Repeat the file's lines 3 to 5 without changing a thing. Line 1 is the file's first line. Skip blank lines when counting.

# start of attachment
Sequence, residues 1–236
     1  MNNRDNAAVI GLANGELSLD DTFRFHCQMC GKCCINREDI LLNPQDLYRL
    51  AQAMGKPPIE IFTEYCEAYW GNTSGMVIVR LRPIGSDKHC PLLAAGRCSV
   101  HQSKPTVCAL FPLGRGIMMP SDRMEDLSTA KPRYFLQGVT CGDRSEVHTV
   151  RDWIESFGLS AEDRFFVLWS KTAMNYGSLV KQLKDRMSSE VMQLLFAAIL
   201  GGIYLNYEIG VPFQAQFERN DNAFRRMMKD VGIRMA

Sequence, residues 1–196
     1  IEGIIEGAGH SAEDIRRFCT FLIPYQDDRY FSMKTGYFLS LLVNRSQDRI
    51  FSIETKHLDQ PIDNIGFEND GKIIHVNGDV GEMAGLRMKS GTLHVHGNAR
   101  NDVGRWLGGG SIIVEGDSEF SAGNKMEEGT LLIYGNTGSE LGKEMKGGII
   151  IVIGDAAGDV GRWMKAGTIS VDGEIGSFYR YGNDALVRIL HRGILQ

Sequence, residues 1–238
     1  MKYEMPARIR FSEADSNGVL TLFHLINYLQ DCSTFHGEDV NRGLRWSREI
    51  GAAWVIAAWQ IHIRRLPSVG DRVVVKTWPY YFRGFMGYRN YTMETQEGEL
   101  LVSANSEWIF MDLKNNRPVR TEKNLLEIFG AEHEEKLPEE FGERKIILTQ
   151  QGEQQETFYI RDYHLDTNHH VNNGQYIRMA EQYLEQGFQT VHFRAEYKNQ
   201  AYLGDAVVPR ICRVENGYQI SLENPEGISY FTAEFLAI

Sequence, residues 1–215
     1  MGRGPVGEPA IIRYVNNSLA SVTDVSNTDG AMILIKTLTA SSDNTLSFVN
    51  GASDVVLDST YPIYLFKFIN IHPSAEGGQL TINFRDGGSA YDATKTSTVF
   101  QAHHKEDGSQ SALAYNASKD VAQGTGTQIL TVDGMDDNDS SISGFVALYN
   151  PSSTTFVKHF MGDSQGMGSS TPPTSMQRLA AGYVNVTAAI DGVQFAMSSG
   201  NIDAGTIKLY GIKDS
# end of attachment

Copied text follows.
    51  AQAMGKPPIE IFTEYCEAYW GNTSGMVIVR LRPIGSDKHC PLLAAGRCSV
   101  HQSKPTVCAL FPLGRGIMMP SDRMEDLSTA KPRYFLQGVT CGDRSEVHTV
   151  RDWIESFGLS AEDRFFVLWS KTAMNYGSLV KQLKDRMSSE VMQLLFAAIL